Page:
Parks Associates Blog

Thursday, May 01, 2008

Recent Medicare Legislation and A New IOM Report

Led by House Representative Anna Eshoo (D-CA), eight Congressmen/women sponsored a new bi-partisan bill to support Medicare coverage of remote health monitoring technologies. The H.R. 5765, also called the Medicare Remote Monitoring Access Act of 2008, was introduced to the Committee on Energy and Commerce and the Committee on Ways and Means in April 2008. Specifically, it would require Medicare to evaluate remote health monitoring technology through a dedicated demonstration project and call on Medicare to develop reimbursement standards and procedures to cover remote health monitoring services for patients with defined chronic health conditions no later than two years after the enact of this proposed legislation.

Separately, the Institute of Medicine (IOM), a non-profit organization under the National Academy of Sciences and an influential voice on national health policies, released a report in April 2008 entitled Retooling for an Aging America: Building the Health Care Work Force. In this report, the IOM recommends, among many other advices, that as a nation, we should redesign our models of care by bringing in more innovative and evidence-based care models. One of them, the report argues, is the use of Assisted Daily Living (ADL) technologies remote monitoring technologies.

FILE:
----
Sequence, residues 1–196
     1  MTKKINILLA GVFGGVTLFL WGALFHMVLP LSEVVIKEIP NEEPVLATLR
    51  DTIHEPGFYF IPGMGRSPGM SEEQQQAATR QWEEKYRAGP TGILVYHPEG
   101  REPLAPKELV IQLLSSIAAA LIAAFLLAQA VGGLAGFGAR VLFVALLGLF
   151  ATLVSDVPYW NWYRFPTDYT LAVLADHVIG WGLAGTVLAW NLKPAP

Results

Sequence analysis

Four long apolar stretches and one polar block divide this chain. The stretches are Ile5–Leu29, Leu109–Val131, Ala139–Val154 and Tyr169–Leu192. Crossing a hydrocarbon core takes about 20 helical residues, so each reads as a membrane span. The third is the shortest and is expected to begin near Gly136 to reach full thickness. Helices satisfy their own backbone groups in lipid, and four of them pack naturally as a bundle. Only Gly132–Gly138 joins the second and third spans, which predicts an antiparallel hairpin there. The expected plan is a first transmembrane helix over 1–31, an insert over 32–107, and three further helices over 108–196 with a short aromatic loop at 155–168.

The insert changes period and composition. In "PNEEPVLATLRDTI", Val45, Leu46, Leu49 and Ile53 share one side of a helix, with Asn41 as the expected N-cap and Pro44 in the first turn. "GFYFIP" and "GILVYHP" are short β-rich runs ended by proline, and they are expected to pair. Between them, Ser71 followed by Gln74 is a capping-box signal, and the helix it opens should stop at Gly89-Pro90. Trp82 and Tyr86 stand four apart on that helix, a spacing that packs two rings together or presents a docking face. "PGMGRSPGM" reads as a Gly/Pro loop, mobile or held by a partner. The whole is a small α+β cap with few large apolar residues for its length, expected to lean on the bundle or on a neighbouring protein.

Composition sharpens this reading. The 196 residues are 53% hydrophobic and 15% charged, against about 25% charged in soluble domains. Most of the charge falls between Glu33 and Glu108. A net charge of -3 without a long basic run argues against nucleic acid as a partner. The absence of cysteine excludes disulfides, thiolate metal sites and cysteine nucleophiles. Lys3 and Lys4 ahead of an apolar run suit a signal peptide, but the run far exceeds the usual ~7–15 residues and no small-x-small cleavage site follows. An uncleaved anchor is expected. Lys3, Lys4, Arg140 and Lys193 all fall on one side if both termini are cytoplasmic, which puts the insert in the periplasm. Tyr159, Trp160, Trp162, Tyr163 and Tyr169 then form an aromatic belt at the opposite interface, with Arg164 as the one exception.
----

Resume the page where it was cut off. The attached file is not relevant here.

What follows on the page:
We view both events as encouraging signs that the reimbursement barriers for remote health monitoring technology can be taken down through legislative efforts, although the timing remains extremely difficult to predict. The new Medicare bill is a continuation of the momentum from Senator Coleman’s S. 631 (The Remote Monitoring Access Act) and Senator Thune’s S.321 (Fostering Independence through Technology Act) from last year. The fact that the remote health monitoring technology now has legislative sponsors in both chambers of the Congress is an assuring sign that healthcare issues might be something that both democratic and republican legislators could potentially find common grounds with in this election year. The IOM’s report enlisted another endorser on the remote health monitoring technology, and could potential influence the government’s policy orientation in the future.

Overall, we are cautiously optimistic about the prospect that the Medicare takes a more proactive role in the adoption of remote health monitoring technology in the next few years. The chance is likely to increase more dramatically after 2010.

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